If I look back on moments in my life I felt most frazzled and frustrated, nearly 100% of the time I wound up there because I let life hijack my priorities and I mismanaged my time.
Schedules got hectic, I allowed less-important tasks to trump the truly-important ones, or I let time-wasting distractions enter my mental space.
The truth is, I am the only real guardian of my priorities. I am the only person with say-so over what makes the list and what gets cut. As many days, weeks, months, years as I have spent working on time management, every day is a new challenge and there is always room for improvement.
When I feel in control of my time, I feel in control of my life. All it takes is a little planning and commitment to make it happen.
6 steps for setting priorities
Start with YOU.
What do you (and your spouse/people you live with) personally desire in your life? Physical/spiritual wellness, a particular income/savings amount, a more connected marriage and family, better communication with your people? Start with those things and put them on paper. These are the foundations of your goals and everything else stems from clearly defining them.
Block out the noise.
What anyone else thinks or believes is none of your business! They have their own priorities to set. Stick to what YOU value. Otherwise you will become frustrated and this entire exercise will have been wasted time. You won’t stick to a priority list you don’t truly love, so why base it on anyone else’s desires but your own?
Build your schedule based on your priorities from Step 1.
A valuable question I consider as I build my weekly calendar: will this task bring me closer to my goals for my faith, my family, and my career? If the answer is yes, then I schedule the commitment. If the answer is no, I figure out how to delegate it, delay it, or drop it altogether. We as women take on a vast percentage more than we have any business doing. There is no trophy for “busiest lady.” In my experience it just builds resentment in my spirit for other people in my life and that is absolutely unfair.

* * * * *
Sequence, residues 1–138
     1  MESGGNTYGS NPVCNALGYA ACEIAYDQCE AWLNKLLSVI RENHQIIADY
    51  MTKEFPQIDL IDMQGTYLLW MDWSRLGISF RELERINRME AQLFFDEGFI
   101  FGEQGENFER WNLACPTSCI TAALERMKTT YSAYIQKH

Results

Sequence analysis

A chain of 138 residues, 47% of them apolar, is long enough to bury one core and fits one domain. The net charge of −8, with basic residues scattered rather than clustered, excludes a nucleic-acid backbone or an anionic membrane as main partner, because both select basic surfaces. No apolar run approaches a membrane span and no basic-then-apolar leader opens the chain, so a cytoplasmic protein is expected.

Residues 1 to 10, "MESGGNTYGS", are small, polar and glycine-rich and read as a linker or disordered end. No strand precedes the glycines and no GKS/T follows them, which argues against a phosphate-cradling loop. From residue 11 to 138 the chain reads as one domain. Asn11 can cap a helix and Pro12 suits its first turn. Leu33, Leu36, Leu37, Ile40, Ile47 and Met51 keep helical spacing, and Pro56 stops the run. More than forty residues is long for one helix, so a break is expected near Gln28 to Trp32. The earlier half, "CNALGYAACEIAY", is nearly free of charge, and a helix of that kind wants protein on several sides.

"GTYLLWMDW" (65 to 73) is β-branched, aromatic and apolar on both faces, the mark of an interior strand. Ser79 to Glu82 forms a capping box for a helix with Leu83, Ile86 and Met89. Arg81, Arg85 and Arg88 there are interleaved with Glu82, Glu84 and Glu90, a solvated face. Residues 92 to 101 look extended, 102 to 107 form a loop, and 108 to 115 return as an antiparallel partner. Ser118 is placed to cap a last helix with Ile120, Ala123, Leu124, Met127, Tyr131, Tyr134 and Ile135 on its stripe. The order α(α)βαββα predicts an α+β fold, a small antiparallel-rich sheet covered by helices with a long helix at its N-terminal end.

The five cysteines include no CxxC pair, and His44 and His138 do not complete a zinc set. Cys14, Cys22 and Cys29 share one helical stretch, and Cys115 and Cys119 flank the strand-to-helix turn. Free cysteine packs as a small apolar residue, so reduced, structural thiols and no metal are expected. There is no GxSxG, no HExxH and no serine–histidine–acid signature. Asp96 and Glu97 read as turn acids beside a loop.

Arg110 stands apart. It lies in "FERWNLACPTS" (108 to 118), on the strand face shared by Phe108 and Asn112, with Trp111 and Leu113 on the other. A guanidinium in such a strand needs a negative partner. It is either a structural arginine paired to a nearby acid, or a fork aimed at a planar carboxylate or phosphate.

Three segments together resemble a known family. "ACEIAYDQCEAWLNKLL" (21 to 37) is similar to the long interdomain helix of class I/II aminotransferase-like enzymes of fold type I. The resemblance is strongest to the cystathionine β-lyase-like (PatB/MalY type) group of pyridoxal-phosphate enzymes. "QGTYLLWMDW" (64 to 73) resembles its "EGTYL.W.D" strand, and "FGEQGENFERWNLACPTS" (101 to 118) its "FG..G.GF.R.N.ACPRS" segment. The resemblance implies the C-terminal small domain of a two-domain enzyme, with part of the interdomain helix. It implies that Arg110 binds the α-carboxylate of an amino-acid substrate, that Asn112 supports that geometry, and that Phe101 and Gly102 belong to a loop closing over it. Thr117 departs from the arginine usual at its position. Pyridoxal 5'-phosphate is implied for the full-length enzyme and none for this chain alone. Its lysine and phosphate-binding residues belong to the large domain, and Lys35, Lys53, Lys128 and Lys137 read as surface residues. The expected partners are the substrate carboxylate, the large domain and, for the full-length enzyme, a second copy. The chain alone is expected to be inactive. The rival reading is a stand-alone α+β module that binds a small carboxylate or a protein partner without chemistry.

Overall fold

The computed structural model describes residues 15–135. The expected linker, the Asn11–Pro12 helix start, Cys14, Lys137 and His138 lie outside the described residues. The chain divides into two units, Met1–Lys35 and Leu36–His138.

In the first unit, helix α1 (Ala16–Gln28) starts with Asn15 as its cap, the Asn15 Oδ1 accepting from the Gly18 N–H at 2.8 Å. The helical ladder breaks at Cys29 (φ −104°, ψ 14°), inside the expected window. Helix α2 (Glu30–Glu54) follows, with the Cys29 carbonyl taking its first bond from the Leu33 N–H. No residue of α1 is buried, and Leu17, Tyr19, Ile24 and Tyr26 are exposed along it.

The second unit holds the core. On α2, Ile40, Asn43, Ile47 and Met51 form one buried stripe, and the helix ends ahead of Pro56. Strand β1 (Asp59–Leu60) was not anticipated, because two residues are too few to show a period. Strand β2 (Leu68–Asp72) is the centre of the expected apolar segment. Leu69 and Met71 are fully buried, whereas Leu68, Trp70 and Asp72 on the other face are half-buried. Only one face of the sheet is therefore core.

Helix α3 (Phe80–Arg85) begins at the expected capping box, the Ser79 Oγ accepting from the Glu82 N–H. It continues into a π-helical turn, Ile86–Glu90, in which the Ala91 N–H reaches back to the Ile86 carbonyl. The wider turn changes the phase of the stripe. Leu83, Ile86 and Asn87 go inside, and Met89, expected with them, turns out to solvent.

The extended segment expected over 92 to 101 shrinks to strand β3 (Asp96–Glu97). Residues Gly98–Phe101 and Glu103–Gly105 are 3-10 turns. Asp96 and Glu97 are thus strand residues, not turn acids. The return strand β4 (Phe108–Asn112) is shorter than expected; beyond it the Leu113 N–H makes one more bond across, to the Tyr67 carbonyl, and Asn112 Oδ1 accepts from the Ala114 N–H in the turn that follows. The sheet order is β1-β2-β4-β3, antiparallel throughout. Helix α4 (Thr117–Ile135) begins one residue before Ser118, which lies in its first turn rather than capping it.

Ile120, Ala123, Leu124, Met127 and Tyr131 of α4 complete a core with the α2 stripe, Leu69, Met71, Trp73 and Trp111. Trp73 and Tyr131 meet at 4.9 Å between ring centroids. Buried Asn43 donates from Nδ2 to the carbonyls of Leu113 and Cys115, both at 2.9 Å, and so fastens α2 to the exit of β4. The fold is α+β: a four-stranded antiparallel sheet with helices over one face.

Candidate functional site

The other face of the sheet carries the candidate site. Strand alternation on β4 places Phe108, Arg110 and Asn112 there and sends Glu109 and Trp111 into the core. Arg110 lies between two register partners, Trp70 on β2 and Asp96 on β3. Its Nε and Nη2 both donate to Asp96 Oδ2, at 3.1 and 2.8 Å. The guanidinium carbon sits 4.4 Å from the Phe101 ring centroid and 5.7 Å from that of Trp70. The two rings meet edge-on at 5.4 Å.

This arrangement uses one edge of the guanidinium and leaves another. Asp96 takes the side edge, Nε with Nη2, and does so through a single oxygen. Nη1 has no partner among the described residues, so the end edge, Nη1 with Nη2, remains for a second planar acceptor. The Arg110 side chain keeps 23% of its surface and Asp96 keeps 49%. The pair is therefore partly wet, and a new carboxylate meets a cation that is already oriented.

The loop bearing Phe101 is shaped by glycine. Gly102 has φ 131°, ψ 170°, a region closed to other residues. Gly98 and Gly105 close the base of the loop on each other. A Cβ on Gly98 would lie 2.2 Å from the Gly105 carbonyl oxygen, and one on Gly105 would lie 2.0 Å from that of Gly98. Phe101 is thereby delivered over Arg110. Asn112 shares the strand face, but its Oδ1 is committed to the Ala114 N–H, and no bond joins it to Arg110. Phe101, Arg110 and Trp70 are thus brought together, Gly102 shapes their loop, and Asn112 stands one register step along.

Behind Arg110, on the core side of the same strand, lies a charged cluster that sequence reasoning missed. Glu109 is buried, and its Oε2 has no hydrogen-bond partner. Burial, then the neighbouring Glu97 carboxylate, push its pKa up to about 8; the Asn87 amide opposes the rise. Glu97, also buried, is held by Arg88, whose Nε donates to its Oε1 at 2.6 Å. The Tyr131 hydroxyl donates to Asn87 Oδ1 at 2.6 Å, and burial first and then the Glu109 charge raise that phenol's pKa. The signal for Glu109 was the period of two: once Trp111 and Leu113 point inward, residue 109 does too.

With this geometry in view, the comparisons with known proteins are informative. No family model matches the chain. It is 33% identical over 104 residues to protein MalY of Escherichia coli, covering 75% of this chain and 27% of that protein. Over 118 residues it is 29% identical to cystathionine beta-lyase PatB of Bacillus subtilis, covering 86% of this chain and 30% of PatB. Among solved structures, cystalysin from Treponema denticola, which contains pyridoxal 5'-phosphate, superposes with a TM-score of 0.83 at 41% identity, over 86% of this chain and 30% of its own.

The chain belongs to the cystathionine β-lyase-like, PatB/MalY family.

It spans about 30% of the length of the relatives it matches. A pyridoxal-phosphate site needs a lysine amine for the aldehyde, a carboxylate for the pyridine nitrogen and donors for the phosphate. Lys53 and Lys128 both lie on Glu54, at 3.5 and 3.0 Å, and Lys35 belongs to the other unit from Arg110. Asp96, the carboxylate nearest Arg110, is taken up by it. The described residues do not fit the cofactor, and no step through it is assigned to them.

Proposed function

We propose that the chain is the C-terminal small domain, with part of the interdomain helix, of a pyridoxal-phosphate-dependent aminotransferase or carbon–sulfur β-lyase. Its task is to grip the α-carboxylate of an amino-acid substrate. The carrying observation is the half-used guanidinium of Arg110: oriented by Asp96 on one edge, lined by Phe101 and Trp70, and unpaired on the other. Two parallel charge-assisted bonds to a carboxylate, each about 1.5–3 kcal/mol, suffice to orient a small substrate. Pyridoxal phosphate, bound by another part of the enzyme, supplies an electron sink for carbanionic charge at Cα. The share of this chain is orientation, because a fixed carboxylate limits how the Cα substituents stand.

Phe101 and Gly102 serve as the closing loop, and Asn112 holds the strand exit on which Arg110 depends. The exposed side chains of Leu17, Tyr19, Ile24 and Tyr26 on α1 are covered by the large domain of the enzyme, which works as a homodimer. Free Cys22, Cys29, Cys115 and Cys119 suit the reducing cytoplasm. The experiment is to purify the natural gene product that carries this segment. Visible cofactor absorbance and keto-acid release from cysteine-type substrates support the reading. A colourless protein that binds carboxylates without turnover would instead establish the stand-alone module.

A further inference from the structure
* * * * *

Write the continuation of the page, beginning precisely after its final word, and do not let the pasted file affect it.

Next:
Be the gatekeeper – learn to say NO.
We are the boss of our own schedules – how empowering! I get overwhelmed when I allow other people’s priorities to take over my own. That is no one’s fault but my own because I am the only person who can control my schedule. Protecting my priorities requires saying “no” to some good things so I can say “YES” to the best things – those activities, connections, and conversations that bring me closer to my goals and priorities. HELPFUL TIPS because this step is hard: If another opportunity/request arises, do not immediately say yes. A great response I rely on in situations like this is, “Thank you so much for thinking of me! Let me check my calendar and I’ll get back with you tomorrow.” Or, “Thank you so much for thinking of me! I’m not able to help this time, but please keep me in mind for the future.”
Create your calendar/schedule, share it with your family, and ask for help. If you are a chronic over-booker, ask your spouse for help holding you accountable for what you’ve committed to this week and receive their feedback (without making excuses or biting their head off). Chronic procrastinators, ask for help staying on top of your schedule and set reminders on your devices. If you struggle with punctuality, set an alarm backing up your “get ready” time so you can leave the house with 5 extra minutes in your pocket. **This will lower your blood pressure, increase your sense of self-confidence, and drastically improve your success in every area of your life. It says to the people in your life, “your time is valuable to me.” Punctuality is something I wrestle with daily and it’s a constant work in progress.
Reevaluate and go at it again.